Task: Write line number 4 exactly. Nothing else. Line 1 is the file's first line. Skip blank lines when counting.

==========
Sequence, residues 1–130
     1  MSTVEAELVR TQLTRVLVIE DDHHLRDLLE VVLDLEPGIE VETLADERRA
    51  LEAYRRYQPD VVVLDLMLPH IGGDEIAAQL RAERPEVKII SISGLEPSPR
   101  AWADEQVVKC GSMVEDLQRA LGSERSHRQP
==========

   101  AWADEQVVKC GSMVEDLQRA LGSERSHRQP